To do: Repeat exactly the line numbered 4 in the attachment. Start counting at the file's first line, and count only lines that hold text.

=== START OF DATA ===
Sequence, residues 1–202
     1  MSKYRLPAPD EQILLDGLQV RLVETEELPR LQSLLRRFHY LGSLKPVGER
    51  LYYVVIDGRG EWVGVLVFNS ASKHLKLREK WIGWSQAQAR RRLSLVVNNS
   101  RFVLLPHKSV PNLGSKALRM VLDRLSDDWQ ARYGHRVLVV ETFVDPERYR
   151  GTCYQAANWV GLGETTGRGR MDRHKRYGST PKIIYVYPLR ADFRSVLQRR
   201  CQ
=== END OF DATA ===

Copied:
   101  RFVLLPHKSV PNLGSKALRM VLDRLSDDWQ ARYGHRVLVV ETFVDPERYR